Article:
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With jobs abroad drying up, India’s remittance economy set to take a big hit


A draft bill to reduce the number of foreign workers in Kuwait has been deemed constitutional by the legal and legislative committee of the Gulf nation’s national assembly. Though the final legislation is yet to take shape, there is no escaping the fact that Kuwait wants to comprehensively cut down on the number of its foreign workers. This has serious implications for Indian workers in Kuwait who form the largest expatriate community in that country.

In fact, the draft bill proposes that the number of Indians be reduced to 15% of Kuwait’s 4.8 million population. This would mean the Indian presence in Kuwait reducing by 7-8 lakhs. That is certainly a huge blow as Kuwait is a top source of remittances for India. In 2018, India received close to $ 4.8 billion from Kuwait as remittances. But it’s not just Kuwait alone that is looking to reduce dependence on foreign workers. Other Gulf nations too are contemplating similar measures as oil prices slump and are unlikely to reach the highs previously seen. This means that the days of Gulf nations heavily subsidising their own citizens are over.

These countries now want to put their own people to work. And that means they have to cut down on foreign workers. But India’s remittance economy, which is considerably dependent on Gulf nations, will take a hit. Additionally, we would also need to accommodate the returning workers in the domestic job market. At a time when the economy is heading for a recession, this certainly won’t be easy and could exacerbate existing social pressures.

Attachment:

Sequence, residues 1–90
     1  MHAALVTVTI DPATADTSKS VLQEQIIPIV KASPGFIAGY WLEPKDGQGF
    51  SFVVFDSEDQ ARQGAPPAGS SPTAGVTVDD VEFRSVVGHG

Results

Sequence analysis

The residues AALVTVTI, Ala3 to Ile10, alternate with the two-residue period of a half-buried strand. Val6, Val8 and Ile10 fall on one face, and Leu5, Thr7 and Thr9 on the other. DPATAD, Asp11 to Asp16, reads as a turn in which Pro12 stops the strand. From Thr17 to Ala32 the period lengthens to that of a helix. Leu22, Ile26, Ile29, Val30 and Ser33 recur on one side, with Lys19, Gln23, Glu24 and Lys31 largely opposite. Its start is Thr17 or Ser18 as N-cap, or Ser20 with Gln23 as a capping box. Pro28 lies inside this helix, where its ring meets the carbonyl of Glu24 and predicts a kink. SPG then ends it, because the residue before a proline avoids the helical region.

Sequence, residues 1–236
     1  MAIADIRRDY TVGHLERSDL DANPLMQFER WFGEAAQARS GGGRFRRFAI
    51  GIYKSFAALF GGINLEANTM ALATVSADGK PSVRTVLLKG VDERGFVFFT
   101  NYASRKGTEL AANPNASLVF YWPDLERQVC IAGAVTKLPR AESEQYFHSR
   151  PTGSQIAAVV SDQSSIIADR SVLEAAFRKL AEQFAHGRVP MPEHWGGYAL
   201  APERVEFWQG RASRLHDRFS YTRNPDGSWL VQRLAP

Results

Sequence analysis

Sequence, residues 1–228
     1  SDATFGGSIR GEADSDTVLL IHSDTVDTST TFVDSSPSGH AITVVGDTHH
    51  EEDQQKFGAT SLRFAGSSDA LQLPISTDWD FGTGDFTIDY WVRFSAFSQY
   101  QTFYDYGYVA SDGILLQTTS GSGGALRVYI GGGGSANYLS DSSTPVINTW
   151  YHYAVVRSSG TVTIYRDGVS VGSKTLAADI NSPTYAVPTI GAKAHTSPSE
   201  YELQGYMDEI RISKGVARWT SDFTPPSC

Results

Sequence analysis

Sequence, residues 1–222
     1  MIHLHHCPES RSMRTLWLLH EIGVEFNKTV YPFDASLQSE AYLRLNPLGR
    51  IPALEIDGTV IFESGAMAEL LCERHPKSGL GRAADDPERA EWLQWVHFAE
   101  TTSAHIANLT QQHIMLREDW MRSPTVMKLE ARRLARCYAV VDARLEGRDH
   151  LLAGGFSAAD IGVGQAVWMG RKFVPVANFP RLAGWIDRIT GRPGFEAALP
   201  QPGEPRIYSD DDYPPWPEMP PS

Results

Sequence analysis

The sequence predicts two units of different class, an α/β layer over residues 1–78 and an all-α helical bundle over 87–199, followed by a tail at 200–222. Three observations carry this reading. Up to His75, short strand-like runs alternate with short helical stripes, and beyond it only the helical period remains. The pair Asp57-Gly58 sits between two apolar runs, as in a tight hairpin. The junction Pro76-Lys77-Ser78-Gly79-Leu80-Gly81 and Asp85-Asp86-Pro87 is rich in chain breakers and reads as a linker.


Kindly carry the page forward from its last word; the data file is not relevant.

Read also: Kuwait’s bill on workers rings alarm bells in India

Even before Covid-19 struck, the Indian economy wasn’t doing well and the world was becoming more isolationist. Both these trends have been accentuated by the pandemic. The only way out is for the Indian government to jumpstart the economy through deep-rooted reforms. Some efforts have been made in terms of trying to free up labour and open up agriculture. But much more is needed. Otherwise, with jobs abroad drying up, India is looking at a massive unemployment and poverty crisis.



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